Title of position interviewed for: Business Manager
Approximate date of interview: 2/1998
Location: McLean, VA
Submitted on: 11-Jan-04
We have evolved our interview process over a long period of time. We
are extremely rigid with our process and everyone must go through the
same type of process: written/multiple choice testing, case
interviews, behavioral interviews, and "fit" interviews.
There are two types of tests depending on the position for which you
are applying. If one is looking at an analyst position, we have a
strenuous timed analytical test that few applicants finish. It's sort
of like the analytical exercises on the GMAT. The second
written/multiple choice test is a "management style" type of test. It
gives the applicant a set of circumstances and a list of multiple
choice answers as to how the applicant would handle the situation.
More people fail the analytical test, but there are those who fail the
management style test even when they have passed the analytical one.
We typically screen people on the phone even before we let them take
the test. This screen is a mini-behavioral interview where we ask
questions that start with, "Tell me about a time when you...." The
completion of that sentence often asks about times when the applicant
has had to handle difficult situations or taken leadership roles. We
are gauging to see how someone would fit into our environment and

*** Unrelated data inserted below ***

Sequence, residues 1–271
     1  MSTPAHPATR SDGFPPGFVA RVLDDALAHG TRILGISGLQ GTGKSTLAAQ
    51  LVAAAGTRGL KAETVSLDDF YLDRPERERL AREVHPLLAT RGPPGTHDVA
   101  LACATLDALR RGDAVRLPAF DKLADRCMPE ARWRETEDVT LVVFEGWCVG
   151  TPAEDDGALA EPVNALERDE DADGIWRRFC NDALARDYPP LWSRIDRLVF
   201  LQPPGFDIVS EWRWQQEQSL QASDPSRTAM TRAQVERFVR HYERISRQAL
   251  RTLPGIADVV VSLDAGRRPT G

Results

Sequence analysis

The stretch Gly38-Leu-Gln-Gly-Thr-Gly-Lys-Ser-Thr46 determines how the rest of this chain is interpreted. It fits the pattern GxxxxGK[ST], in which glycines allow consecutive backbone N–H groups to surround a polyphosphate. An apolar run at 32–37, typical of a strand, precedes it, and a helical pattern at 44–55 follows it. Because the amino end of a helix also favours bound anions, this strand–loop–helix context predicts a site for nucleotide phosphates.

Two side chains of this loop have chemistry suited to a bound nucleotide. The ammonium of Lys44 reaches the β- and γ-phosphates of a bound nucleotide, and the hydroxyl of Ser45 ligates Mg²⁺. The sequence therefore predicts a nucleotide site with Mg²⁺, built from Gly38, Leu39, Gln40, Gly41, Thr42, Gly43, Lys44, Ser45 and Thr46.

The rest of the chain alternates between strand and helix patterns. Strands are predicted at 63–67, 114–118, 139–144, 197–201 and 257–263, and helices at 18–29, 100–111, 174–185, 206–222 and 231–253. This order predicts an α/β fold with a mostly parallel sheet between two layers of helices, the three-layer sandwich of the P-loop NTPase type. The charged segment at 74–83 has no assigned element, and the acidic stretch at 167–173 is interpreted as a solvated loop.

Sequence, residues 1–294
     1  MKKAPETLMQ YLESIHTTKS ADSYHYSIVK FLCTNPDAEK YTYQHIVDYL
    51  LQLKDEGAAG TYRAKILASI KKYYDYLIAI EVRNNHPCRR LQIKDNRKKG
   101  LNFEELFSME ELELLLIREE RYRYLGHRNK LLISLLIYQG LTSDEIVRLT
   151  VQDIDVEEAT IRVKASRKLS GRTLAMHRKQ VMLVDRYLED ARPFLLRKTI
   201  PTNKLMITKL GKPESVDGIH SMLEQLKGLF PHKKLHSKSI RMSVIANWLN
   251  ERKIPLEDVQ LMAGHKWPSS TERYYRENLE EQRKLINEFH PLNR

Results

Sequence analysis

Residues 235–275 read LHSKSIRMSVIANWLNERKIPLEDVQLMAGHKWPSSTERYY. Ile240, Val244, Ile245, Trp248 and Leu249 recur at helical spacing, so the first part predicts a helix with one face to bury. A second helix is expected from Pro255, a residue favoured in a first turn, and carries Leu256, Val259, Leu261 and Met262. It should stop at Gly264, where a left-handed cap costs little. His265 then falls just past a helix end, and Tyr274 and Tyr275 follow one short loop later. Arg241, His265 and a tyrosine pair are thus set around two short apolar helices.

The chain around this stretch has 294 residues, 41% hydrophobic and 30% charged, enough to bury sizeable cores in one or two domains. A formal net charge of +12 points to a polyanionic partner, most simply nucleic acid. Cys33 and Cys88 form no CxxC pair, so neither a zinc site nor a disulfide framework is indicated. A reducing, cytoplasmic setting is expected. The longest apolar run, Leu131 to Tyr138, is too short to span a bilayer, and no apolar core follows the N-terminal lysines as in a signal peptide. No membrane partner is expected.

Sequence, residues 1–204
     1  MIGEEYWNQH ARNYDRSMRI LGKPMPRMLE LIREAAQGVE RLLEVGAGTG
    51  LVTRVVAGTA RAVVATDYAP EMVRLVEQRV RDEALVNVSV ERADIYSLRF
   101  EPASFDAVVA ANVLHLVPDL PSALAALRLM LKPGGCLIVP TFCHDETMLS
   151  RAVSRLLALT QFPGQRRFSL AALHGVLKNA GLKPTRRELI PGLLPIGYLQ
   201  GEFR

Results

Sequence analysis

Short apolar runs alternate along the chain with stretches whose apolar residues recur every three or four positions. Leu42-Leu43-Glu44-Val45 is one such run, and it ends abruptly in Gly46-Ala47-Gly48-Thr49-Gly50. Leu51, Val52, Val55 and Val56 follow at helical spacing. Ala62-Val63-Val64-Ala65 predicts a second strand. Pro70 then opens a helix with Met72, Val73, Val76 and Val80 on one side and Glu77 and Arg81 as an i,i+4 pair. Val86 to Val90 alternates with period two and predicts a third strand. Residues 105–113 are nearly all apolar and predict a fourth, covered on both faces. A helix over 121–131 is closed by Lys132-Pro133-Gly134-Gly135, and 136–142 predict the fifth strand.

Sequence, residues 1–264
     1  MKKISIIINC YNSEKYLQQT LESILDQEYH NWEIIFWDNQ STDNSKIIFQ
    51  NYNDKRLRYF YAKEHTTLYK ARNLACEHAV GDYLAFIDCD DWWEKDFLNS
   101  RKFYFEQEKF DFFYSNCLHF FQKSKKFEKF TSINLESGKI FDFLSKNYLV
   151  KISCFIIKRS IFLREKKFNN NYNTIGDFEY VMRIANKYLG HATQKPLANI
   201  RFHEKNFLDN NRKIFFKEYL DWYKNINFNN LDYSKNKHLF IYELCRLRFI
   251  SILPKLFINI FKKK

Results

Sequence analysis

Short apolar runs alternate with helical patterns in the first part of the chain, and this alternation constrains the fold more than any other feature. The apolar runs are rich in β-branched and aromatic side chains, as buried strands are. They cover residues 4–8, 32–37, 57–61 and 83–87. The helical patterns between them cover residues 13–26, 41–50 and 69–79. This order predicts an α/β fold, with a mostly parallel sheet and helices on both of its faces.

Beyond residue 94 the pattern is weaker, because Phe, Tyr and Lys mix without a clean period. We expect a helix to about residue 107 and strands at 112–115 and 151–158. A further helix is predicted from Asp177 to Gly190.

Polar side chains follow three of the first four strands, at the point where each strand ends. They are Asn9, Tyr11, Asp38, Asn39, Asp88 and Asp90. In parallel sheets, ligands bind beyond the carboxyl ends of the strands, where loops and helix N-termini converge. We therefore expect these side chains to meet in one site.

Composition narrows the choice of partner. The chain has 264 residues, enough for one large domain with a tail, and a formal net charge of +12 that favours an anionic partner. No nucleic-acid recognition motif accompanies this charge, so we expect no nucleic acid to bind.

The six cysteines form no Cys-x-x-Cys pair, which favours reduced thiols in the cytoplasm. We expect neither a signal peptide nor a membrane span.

whether they handle situations in a mature and thoughtful manner. We
also look to see if people learned from those experiences and leverage
that learning in their daily work.
Our case interviews are very quantitative in nature, requiring the
applicant to do math (every case interview requires the applicant to do
math, so no one should be shy about doing calculations.) There are
often analytical shortcuts and applicants get "extra" points for
thinking of them and employing them when reaching their answer. We're
interested in the right answer, but also in the process people utilize
to get to the answer. Explaining the method of getting to the answer
is almost as important as the answer itself. Clearly articulating
one's thinking is an incredibly important part of succeeding on the
In the case interviews, we also tend to look at graphs. Because we use
graphs and other analytical tools quite often, applicants should be
very prepared to graph their findings and make conclusions based on the
graph. The answer is only important if it is interpreted and a
business decision can be made from it.